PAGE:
how about for(<>){...} instead of while(<>){...}

Discussion in 'Perl Misc' started by jidanni, Mar 31, 2011.

  1. jidanni

    jidanni Guest

    Gentlemen, what peril awaits me if I use
    for (<>){...} loops instead of
    while(<>){...} loops?

    I got the idea from perlsyn:
    'Instead of using "given()", you can use a "foreach()" loop.'
    And indeed I can now use when() without an enclosing given().
     
    jidanni, Mar 31, 2011
    #1
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  2. >>>>> "jidanni" == jidanni <> writes:

    jidanni> Gentlemen, what peril awaits me if I use
    jidanni> for (<>){...} loops instead of
    jidanni> while(<>){...} loops?

    Try this:

    @ARGV = qw(verylargefile);
    while (<>) { ... }

    vs

    @ARGV = qw(verylargefile);
    foreach (<>) { ... }

    The first one has a line-at-a-time in memory, regardless of the size of
    the file. The second one *must* read the *entire file* into memory
    before starting the foreach loop.

    Oops.

    Yes, this is in Learning Perl. I recommend you read Learning Perl if
    you have questions at this level.

    print "Just another Perl hacker,"; # the original

    --
    Randal L. Schwartz - Stonehenge Consulting Services, Inc. - +1 503 777 0095
    <> <URL:http://www.stonehenge.com/merlyn/>
    Smalltalk/Perl/Unix consulting, Technical writing, Comedy, etc. etc.
    See http://methodsandmessages.posterous.com/ for Smalltalk discussion
     
    Randal L. Schwartz, Mar 31, 2011
    #2
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  3. jidanni

    Guest

    On Mar 30, 7:11 pm, jidanni <> wrote:
    > Gentlemen, what peril awaits me if I use
    > for  (<>){...} loops instead of
    > while(<>){...} loops?
    >
    > I got the idea from perlsyn:
    >  'Instead of using "given()", you can use a "foreach()" loop.'
    > And indeed I can now use when() without an enclosing given().



    They are very similar, but as others pointed out, for(<>) reads in
    the entire input before processing the elements, whereas while(<>)
    reads and processed the input line-by-line. That's because, according
    to "perldoc perltrap", "while (<FH>)" is equivalent to:

    while (defined($_ = <FH>))

    So using for(<>) should work with small input, but be careful of large
    inputs, or the entire file/input will be read in at once.

    There is also another difference that is rather subtle, so it often
    goes unnoticed: Because while(<>) implicitly assigns to the $_
    variable, that variable WILL be different after the while-loop than
    before the loop.

    In contrast to the for-loop, for(<>) sets $_ to each entry of the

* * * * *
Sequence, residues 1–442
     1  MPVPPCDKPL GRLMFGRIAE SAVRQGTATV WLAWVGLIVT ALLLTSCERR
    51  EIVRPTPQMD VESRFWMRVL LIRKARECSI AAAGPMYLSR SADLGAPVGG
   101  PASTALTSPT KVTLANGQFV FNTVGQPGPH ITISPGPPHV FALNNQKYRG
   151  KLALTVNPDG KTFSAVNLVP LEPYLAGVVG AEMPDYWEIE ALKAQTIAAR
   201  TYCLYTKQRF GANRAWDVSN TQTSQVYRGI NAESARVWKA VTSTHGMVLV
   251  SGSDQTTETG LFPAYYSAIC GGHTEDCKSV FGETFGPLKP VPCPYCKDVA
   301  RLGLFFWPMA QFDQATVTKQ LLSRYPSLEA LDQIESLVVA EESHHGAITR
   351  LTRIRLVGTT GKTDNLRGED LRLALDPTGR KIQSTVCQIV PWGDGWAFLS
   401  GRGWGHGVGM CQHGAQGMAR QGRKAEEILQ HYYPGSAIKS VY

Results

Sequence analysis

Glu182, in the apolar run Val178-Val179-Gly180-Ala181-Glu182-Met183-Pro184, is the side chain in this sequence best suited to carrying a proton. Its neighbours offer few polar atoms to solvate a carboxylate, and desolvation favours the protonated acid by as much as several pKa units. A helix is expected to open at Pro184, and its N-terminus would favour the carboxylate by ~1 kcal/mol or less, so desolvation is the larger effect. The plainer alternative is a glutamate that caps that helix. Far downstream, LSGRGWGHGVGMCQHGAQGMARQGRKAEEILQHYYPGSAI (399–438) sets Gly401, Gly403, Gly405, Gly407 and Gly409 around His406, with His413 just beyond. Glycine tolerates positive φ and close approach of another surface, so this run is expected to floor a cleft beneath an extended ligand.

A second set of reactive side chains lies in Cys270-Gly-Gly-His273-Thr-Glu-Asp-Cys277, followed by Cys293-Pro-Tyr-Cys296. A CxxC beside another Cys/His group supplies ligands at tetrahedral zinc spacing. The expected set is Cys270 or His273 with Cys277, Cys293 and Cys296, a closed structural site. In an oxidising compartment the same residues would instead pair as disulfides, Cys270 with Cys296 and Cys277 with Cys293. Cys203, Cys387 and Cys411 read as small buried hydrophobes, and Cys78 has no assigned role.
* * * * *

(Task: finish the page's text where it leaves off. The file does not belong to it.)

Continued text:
list that <> expands to, but the difference being that $_ will be
    restored to whatever it was right before the for-loop was
    encountered. (So for example, if $_ was "hello" before the for-loop,
    it will be restored to "hello" when the for-loop is done.)

    This is not so for while-loops. If $_ was "hello" right before the
    while-loop, after the while-loop it will be set to the last line
    returned from <> (accounting to any changes you make to $_ inside the
    loop, of course).

    The fact that for-loops restore $_ when they're finished looping
    make it (usually) safe to nest them inside each each other, as even if
    they all operate on $_, they'll restore the outer $_ when they're
    done. I found out the hard way that while-loops don't do this, as
    inner while-loops will readily "hijack" $_ without restoring them to
    the value set by the outer while-loops.

    So while(<>) generally uses less memory and is more efficient than
    for(<>), but keep in mind that while-loops won't restore the original
    value of $_ when they're done looping.

    Cheers,

    -- Jean-Luc
     
    , Mar 31, 2011
    #3
  4. jidanni

    ilovelinux Guest

    On 31 mrt, 19:21, Jean-Luc <> wrote:
    >    This is not so for while-loops.  If $_ was "hello" right before the
    > while-loop, after the while-loop it will be set to the last line
    > returned from <> (accounting to any changes you make to $_ inside the
    > loop, of course).


    Not entirely correct.

    while(<>) { }
    is, as Jean-Luc correctly points out, equivalent to
    while (defined($_=<>)) { }
    and when this loop ends, $_ will be undefined.
     
    ilovelinux, Apr 4, 2011
    #4
  5. jidanni

    Guest

    On Apr 4, 6:04 am, ilovelinux <> wrote:
    >
    > while(<>) { }
    > is, as  Jean-Luc correctly points out, equivalent to
    > while (defined($_=<>)) { }
    > and when this loop ends, $_ will be undefined.



    Oh, right... while(<>) breaks out once it sets $_ to undefined
    (which is one iteration after $_ is set to the last line).

    Regardless, $_ won't be restored to the value it was when the
    while(<>) loop was encountered (unless, of course, it was already
    undefined).

    Thanks for pointing that out.

    -- Jean-Luc
     
    , Apr 4, 2011
    #5
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